Mahina Expeditions offers offshore sail-training expeditions, offshore sailing seminars and boat purchase consultation.

Mahina Expeditions, Offshore Cruising Training

Ellos, Sweden to Southampton, England

September 8, 2007, 0600 hrs, 51.33 N, 01.56 E, Log: 112,107 miles
Motorsailing at 7 kts into 13 kt headwinds, 1’-2’ seas
Baro: 1026, Cabin Temp: 68F, cockpit 64F

Belgium to Port, England Ahead

Wow, what a North Sea passage we’ve had! We left Helgoland, a tax-free island off Germany noon a couple days ago to find 25-35 knot NW winds and VERY close period waves in waters that never were deeper than 130’. Mahina Tiare was in her element, shoulder down, charging along on a close reach at close to eight knots, then close hauled and finally, as winds lightened yesterday, on a glorious broad reach under blue skies and warm sunshine. We even had a spectacular sunset including a green flash seen by all at sunset last night, but the most unforgettable part of our North Sea crossing was the incredible level of traffic. Richard and Steve did an excellent job laying out courses that would keep us sailing along the outside edge of the crisscrossed pattern of shipping lanes. When necessary to cross you must do so at right angles and then it’s an added challenge to keep clear of the hundreds of fast-moving ships and erratically-moving fishing boats. We’ve had as many as a twenty ships on our three-mile radar screen at a time!

Our excellent sailing winds deserted us after the green flash, but the night was magical with a thousand stars overhead, the glow of Holland’s offshore islands, and hundreds of ship’s lights surrounding us, so nobody complained as we motorsailed through the night, anxious to be clear of the shipping lanes and looking forward to a morning landfall in England.

To bring you up to date, after Leg 4, we had less than a week to get Mahina Tiare tidied up for her second appearance in the annual Sweboat Orust Boat Show which coincides with Hallberg-Rassy’s annual Open House. After a weekend to clean and rest, we were at Martinsson Brothers’ boatyard, six miles north of Ellos first thing Monday morning and within minutes MT was in the slings being lifted out. Although I had dived and checked for keel damage in Norway, I wanted the yard to do closer inspection and fair the smooshed lead.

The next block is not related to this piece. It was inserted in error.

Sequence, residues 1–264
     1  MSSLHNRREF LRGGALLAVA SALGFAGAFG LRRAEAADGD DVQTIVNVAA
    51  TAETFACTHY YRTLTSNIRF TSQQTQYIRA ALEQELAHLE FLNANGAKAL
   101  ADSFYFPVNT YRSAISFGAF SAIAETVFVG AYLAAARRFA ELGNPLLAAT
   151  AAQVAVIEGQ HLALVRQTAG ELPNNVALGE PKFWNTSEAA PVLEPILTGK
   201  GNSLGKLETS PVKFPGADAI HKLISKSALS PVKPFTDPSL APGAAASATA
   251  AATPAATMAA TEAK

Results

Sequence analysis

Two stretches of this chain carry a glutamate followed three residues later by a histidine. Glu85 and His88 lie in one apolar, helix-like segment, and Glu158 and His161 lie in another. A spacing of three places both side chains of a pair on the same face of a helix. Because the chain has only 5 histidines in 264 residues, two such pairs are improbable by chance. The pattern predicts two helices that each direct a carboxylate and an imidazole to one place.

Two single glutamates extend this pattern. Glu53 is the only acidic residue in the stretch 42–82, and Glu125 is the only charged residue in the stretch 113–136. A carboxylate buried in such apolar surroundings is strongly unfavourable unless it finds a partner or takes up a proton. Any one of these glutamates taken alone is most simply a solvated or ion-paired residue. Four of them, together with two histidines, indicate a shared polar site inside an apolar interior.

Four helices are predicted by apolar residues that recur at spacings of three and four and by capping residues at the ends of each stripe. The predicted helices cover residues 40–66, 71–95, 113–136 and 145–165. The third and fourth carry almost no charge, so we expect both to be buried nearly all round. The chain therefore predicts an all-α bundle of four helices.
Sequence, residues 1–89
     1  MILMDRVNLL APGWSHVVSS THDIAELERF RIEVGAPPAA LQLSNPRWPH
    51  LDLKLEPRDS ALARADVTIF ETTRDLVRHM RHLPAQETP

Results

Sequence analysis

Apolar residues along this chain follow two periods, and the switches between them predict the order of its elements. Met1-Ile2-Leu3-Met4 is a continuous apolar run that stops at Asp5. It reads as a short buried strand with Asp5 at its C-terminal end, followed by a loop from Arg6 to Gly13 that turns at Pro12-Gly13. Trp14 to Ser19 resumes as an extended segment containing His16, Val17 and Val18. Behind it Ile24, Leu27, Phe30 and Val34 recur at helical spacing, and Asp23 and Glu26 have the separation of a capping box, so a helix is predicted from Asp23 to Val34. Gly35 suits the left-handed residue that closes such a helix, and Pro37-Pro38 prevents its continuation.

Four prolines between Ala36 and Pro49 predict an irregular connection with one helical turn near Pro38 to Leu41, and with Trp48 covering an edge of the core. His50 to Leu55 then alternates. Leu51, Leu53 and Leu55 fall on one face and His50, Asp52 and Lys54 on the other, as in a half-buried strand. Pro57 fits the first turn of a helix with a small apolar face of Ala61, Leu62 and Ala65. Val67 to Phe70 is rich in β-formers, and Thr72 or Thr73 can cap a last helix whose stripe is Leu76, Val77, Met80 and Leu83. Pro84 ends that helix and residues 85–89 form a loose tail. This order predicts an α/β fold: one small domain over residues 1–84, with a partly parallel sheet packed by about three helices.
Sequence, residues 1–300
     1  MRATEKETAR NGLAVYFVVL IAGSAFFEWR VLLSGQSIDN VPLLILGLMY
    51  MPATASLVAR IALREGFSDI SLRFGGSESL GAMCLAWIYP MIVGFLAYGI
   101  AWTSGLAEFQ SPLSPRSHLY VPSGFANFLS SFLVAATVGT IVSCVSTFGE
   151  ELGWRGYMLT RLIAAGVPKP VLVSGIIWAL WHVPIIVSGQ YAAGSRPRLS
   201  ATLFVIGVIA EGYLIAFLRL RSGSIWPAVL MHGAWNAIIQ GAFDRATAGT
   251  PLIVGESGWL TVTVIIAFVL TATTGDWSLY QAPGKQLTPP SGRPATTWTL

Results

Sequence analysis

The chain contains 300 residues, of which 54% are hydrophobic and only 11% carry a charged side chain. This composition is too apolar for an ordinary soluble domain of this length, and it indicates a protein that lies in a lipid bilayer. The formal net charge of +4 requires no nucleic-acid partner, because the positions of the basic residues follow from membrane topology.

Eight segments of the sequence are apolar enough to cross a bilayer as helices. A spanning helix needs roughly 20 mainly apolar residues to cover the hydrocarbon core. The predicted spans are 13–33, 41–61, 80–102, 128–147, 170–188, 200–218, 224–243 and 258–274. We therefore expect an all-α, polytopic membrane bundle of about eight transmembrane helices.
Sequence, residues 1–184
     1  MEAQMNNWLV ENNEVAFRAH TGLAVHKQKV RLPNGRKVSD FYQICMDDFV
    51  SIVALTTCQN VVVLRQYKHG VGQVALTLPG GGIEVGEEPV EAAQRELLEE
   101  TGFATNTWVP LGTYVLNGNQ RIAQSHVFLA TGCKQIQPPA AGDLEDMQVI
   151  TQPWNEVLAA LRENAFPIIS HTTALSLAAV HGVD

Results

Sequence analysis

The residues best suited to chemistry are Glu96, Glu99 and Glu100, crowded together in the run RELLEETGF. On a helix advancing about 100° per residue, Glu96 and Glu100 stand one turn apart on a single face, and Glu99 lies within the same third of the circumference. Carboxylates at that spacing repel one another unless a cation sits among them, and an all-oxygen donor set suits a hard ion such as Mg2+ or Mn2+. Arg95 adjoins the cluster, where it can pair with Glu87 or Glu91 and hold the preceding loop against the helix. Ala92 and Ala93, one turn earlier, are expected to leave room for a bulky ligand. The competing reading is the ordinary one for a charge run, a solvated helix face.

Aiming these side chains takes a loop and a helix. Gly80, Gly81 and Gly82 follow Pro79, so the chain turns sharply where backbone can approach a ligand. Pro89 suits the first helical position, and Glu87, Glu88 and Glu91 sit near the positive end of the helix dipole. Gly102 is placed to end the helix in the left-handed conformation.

Mahina Tiare in the slings

Jens demonstrated fairing a lead keel with a sledge hammer!

It took Jens a few minutes with a big hammer to smooth out the place on the front of the keel where we had run aground in Spitsbergen, then a little while longer with a grinder to smooth it our further. By noon he had filled, sanded and primed the small area. We were relieved and pleased to see no damage at all, other than the dented lead. We’ve seen where similar groundings have resulted in the back of the keel being pressed up, damaging the hull and interior structure of some lightly-built boats.

The time out of the water gave me the opportunity of greasing the Max prop and re-antifouling the waterline where ice had scraped off some of the bottom paint. Meanwhile, Amanda was removing fittings and sanding the caprail. We varnished the next morning, minutes after MT was relaunched, but got a call that HR needed us in position a day earlier than earlier planned. With wet varnish we carefully motored downwind six miles back to the boatyard and had to thread the needle through boats already moored ready for the boat show. Finally we got into the Travelift bay which would be our prime display location for the show, with only a few footprints on the varnish from helpful boatyard workers who helped us through the maze of lines and boats.

Long before the show opened at 10am Friday morning throngs of eager show goers flocked around the marina. With over 24,000 people viewing 90 European boats from many builders and countries, it was an exciting show. There were also three huge long display tents erected in the boat parking lot with many of the major European sailboat equipment suppliers. We saw boats and gear that never make it to the North American market and it was a great opportunity to have questions answered by the manufacturers or their reps.

Our PowerPoint show at the Hallberg-Rassy Open House dinner for 200 at went very well and MT was jammed with keen sailors from every country imaginable, (even Estonia and Australia!) many with similar stories: the kids had now left home, and mum and dad were ready to expand their sailing horizons and why hadn’t someone offered a program similar to ours ever before? Our 2008 sailing schedule back through European waters (Azores, Ireland, Scotland, Norway, Sweden, Denmark, Germany, England, Spain, Portugal and Atlantic Crossing) was close to home and exactly what these sailors were looking for.


Sweboat Orust Boat Show
We met several young couples in their 30’s who were keen to take a break from their busy careers and share the adventure of offshore cruising with their young kids while home-schooling them aboard.